big mistake to have them report to the manager – they should report to the
leader.

The Regulator

The regulator on your team is the one who makes sure the
policies and processes are being followed. This doesn’t imply that you should
run a bureaucracy; however, execution without some sort of methodology is
chaos. Even agile practitioners are following a methodology (ironically, agile
methodologies are more stringent that non-agile methodologies). It’s also the
regulator’s job to be the devil’s advocate – to always challenge the accepted
direction of the team and see if there are any holes. If this sounds a lot like
governance and risk management – that’s because it is.

Regulators perform the controlling function, which is a
component of the management function. The classic problem with having
governance and risk-related roles report to management is the inherent conflict
of interest. How can you have a direct report challenge your management
direction? That said, I think they should work for managers with the spirit of
helping managers accomplish a controlled execution. This takes a healthy
relationship built on honesty and trust, and a blatant disregard for any power
distance created by the reporting structure. The first time a manager uses her
authority to overrule a regulator’s recommendations, just to save face, this
function becomes defunct.

The Auditor

It’s the auditor’s job to make sure the team is producing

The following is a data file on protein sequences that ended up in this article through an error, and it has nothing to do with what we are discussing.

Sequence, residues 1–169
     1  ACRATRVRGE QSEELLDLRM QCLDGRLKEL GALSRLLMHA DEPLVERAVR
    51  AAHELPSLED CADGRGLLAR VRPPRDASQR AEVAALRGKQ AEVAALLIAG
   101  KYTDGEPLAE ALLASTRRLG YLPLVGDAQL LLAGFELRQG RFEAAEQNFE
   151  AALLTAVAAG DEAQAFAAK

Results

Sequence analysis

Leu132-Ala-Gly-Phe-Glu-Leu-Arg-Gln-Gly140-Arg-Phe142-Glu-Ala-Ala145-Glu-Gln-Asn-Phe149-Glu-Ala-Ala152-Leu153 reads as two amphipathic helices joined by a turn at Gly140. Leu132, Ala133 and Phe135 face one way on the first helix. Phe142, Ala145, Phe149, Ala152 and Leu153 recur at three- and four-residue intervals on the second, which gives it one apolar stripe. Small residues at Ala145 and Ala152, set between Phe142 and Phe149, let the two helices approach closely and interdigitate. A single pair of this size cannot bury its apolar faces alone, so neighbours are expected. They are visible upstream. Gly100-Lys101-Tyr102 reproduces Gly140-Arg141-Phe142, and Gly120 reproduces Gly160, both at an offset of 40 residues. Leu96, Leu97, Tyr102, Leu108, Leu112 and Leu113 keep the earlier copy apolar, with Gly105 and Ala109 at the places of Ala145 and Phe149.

the expected quality. If your standards are high, it’s the auditor’s job to
make sure your standards are met or exceeded. If you’re counting on your big
data team to produce breakthrough analyses that will engender your strategic
advantage, these analyses better be good. That’s what you’re auditor’s there
for.

This is very similar to the regulator’s role, except that
the regulator is more focused on process; whereas, the auditor is more focused
on outputs. It’s still a controlling function, so it’s appropriate to have
auditors report to managers; however, the same caveats apply. When managers are
under pressure, it’s a common tactic to take a shortcut through quality. And if
your manager pulls rank on your auditor, there’s not much the auditor can do.
This is another good reason to have both an auditor and a regulator report to
your manager. As a team, it’s easier for them to keep the manager honest.

Bottom line

I’ll go along with the data scientists being the superstars
on the big data analytics team, with analytic leaders and managers running
close second; however, there’s more to highly performing teams than just great
talent, great leadership, and great management. You must also consider the
supporting actors on your team: the salesman, the coach, the regulator, and the
auditor. They all perform an important function which warrants individual
attention placed in individual roles. If your business case supports it, I
highly recommend fortifying your team with these professionals to undergird
your overall success. If you have a big data team now, think about which
supporting actors you’re missing and work quickly to round out your team. That
way, you can relax knowing you’ve done everything you can to ensure your big
data success. You might even catch a movie – I hear Oprah plays a great
supporting role in Lee Daniels’ “The Butler.”